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Research Shows How Cocaine
Boosts Blood Pressure

NEW YORK (Reuters Health) - Researchers in Texas report that they have determined the mechanism by which cocaine can cause a person's blood pressure to skyrocket, leading to a potentially fatal condition known as hypertensive crisis.

The findings, they say, could lead to more effective treatment of hypertensive crisis and other health emergencies brought on by cocaine use.

Although many users may not be aware of the illicit drug's harmful effects, cocaine abuse is a major cause of cardiovascular emergencies including irregular heartbeat, heart attack and extreme high blood pressure. Experts estimate that over 30 million Americans have tried cocaine, and that 5 million are regular users.

Previous studies using tissue from rodents have suggested that cocaine prevents the body from reabsorbing the nerve chemical norepinephrine, which causes the blood vessels to narrow and thus boosts blood pressure. But some scientists believe this explanation is incomplete, as there is little evidence to support it from studies in live animals or humans.

To investigate, lead author Dr. Meryem Tuncel of the University of Texas Southwestern Research Medical Center in Dallas and her team studied medically approved doses of cocaine in 15 otherwise healthy people who had never used the drug.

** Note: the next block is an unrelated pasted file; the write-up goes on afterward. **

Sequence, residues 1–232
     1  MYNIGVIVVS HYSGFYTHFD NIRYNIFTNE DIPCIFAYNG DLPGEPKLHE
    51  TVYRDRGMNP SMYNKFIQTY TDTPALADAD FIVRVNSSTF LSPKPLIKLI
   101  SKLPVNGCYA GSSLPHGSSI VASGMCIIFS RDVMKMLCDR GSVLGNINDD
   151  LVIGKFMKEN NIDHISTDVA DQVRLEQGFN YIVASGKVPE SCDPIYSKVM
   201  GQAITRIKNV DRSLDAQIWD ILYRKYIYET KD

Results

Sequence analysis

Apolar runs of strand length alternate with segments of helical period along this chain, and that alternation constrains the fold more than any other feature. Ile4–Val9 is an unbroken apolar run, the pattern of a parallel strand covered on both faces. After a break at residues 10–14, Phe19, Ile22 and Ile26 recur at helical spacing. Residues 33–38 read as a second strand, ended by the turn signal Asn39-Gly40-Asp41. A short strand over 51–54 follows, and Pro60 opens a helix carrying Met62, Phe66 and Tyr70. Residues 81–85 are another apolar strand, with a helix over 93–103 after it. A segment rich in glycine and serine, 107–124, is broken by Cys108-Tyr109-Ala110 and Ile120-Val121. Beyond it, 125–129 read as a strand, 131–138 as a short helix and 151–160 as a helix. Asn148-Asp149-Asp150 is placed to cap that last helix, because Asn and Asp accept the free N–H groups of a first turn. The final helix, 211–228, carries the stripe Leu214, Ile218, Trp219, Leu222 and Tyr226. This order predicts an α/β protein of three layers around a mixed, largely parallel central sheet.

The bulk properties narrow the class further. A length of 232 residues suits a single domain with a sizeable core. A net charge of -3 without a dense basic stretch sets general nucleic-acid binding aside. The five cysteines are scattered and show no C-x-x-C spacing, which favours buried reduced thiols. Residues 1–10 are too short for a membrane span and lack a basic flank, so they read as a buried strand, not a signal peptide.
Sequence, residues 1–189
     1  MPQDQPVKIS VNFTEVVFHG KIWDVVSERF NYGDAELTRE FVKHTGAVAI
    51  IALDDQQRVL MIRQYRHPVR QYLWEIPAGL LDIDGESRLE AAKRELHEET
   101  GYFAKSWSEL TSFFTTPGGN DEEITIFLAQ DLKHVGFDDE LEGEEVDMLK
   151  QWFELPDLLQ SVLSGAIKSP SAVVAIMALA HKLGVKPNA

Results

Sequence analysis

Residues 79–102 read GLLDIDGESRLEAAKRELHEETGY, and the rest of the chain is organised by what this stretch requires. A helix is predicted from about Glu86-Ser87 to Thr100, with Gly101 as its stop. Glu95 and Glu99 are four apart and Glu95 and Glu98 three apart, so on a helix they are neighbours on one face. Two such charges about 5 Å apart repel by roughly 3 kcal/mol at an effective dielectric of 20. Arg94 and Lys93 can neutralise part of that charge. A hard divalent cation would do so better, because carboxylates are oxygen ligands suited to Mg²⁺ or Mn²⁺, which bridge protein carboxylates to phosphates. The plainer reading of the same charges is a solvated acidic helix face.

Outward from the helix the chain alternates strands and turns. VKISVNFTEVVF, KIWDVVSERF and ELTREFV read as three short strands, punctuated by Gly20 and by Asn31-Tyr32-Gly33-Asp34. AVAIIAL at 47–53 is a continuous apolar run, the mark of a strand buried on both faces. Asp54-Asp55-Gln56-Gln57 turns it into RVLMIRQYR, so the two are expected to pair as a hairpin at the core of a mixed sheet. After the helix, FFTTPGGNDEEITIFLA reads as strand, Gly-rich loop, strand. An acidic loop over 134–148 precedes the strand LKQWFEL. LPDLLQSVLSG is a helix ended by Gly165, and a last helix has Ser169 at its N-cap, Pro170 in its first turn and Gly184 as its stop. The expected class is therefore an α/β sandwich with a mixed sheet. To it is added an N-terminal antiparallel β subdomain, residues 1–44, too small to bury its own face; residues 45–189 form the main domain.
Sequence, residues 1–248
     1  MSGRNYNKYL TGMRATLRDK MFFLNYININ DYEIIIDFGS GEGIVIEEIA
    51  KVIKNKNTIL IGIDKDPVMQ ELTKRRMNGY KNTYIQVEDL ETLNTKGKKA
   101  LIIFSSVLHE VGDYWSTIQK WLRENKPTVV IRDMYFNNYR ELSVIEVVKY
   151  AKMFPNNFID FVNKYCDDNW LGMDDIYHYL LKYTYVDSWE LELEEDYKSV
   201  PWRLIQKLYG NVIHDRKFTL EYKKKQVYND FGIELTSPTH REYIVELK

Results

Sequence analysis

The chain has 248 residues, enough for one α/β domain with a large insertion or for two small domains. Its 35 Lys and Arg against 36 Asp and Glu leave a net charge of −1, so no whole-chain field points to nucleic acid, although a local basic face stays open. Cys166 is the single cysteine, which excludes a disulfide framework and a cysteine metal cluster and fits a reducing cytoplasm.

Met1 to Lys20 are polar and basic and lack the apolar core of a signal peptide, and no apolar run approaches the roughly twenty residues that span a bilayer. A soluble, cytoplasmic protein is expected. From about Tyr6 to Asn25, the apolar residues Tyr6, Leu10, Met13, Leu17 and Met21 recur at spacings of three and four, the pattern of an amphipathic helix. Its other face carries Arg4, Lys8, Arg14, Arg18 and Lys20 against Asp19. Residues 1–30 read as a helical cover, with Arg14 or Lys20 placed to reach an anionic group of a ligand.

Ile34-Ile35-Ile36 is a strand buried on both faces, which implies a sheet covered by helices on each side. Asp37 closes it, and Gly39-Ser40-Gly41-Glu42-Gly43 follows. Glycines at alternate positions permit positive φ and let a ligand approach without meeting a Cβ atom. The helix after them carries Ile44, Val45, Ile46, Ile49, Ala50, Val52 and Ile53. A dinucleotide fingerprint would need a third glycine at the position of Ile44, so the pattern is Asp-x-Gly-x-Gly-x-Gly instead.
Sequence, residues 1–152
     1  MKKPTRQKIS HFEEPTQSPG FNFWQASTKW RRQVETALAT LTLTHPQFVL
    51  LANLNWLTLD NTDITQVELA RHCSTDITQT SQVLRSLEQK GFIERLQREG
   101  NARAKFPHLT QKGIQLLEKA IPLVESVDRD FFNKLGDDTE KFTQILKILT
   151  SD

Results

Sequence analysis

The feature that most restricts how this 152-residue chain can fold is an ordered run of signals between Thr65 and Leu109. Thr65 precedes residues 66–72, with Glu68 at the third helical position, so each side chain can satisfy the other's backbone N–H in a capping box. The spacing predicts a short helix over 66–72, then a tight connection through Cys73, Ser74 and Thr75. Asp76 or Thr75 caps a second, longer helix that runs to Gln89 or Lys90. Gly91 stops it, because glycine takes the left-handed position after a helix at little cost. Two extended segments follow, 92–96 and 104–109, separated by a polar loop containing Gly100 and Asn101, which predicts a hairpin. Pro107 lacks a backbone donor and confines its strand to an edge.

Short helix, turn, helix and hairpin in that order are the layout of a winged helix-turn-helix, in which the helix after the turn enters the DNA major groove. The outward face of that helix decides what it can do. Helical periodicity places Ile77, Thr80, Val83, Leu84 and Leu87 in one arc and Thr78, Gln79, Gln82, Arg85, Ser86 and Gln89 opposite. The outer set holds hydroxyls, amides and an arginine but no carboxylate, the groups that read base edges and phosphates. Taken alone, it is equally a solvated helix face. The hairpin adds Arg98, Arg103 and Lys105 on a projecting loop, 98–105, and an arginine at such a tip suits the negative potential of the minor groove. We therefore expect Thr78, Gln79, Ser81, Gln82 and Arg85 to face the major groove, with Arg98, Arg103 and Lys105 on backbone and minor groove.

The participants were given two different dosages of cocaine, 0.15 milligrams or 15 milligrams, either via infusion into a forearm vein or in nose drops, according to the report in the March 5th issue of Circulation: Journal of the American Heart Association.

After each dosing, the researchers measured blood pressure, blood flow in the forearm and blood concentrations of norepinephrine.

The investigators found that when cocaine is given directly into an artery, it does indeed cause blood vessels to constrict, as was seen in the rodent tissue studies.

"However, when cocaine is given through the nose, it causes dilation, rather than constriction of the blood vessels," senior study author Dr. Wanpen Vongpatanasin said in a prepared statement.

In this instance, "cocaine increases blood pressure by stimulation of the heart to cause rapid heartbeat and increased cardiac output. This elevation in blood pressure, if severe or persistent, can lead to damage of multiple vital organs such as heart, brain and kidney," the researcher noted.

"Now that we know the mechanisms involved in how cocaine elevates blood pressure, I think we should refocus our strategy to use medications that will affect sympathetic stimulation of the heart rather than medications that have effects only on blood vessels," Vongpatanasin added.

SOURCE: Circulation 2002;105:1054-1059.

Reference Source 89


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